It costs $3 million per year to house a single prisoner at Guantánamo Bay and $30,000 per year to house a prisoner in a federal maximum security prison under similar conditions. Why, given that “spectacle of astronomical waste,” hasn’t Guantánamo been closed?
By definition, the presidency of Barack Obama is post–9/11, so New York Times Washington correspondent Savage’s (Takeover: The Return of the Imperial Presidency and the Subversion of American Democracy, 2007) subtitle would seem superfluous. It’s not, of course, since it speaks to the fact that after 9/11, a new security state came into being that, some would charge, makes whomever occupies the White House seem almost an afterthought. Certainly, as Savage details at considerable length, there are continuities between the George W. Bush administration and the Obama White House in the so-called global war on terror. Not least of them is Guantánamo, which Obama has been agonizing over since coming into office but which remains open despite his repeated pledges to close it. Of course, he has another year to do so, but by Savage’s overlong but comprehensive account, much of what has occupied the administration has been lawyerly parsing of what constitutes torture and other fine distinctions. Said Eric Holder to this point, “ ‘Due process’ and ‘judicial process’ are not one and the same, particularly when it comes to national security.” Agonize they may, but Obama and his lieutenants have overseen a dramatic expansion of the security state and its abilities to act, whether to kill American citizens abroad or monitor their phone conversations at home. Savage does some parsing himself to sort out the administration’s legal arguments: is Obama, he wonders, violating the rule of law or civil liberties? Either way, hawks have applauded Obama for “keeping many…major features of what Bush and Cheney had created,” even as civil libertarians lament the continued erosion of individual rights—and even as the Obama administration positions itself as being merely pragmatic.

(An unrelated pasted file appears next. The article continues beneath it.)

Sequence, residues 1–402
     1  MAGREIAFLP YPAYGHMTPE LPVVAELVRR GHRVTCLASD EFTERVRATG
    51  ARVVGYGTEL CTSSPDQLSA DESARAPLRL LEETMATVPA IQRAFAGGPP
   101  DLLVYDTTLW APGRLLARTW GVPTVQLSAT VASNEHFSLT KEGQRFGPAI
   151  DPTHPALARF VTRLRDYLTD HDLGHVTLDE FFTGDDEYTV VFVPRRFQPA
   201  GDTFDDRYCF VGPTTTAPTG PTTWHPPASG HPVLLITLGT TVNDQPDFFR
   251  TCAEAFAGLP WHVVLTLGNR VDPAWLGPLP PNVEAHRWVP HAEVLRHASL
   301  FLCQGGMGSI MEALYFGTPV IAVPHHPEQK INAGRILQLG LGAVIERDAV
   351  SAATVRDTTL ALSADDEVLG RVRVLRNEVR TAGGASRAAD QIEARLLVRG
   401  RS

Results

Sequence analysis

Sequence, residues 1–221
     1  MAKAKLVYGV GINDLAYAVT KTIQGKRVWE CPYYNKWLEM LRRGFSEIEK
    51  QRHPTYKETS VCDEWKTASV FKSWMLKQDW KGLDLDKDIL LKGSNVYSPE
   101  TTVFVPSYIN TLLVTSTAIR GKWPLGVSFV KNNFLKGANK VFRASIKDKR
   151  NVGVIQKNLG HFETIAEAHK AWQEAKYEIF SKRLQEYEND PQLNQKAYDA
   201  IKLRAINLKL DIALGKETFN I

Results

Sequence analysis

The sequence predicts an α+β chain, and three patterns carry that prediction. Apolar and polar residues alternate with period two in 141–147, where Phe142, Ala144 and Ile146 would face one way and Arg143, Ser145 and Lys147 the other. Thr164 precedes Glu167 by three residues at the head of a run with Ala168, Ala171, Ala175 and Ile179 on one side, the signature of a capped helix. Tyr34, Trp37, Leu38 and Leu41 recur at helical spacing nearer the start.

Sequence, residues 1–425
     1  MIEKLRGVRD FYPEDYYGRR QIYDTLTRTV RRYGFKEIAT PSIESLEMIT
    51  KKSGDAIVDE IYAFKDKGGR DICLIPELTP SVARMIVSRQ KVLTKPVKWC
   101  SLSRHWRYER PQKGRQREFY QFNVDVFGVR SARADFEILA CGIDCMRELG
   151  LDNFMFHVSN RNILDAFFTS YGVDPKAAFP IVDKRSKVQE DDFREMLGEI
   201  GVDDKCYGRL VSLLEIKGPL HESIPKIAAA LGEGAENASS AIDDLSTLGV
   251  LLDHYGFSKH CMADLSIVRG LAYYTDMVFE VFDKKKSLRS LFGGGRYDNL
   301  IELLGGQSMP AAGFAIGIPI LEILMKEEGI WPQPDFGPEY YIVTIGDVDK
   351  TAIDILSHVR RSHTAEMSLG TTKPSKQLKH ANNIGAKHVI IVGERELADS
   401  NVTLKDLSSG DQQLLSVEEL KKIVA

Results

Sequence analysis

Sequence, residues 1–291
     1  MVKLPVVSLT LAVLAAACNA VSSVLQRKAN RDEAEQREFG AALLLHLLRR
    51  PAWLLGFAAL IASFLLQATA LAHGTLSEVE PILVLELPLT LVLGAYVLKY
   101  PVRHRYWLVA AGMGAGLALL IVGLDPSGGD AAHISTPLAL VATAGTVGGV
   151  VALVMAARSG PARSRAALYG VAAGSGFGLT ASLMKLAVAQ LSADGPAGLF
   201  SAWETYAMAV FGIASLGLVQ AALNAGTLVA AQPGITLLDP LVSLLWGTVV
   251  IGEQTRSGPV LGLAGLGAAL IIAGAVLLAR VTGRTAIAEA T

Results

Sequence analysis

A solid political exposé delivering news likely to please few—and certainly not the White House.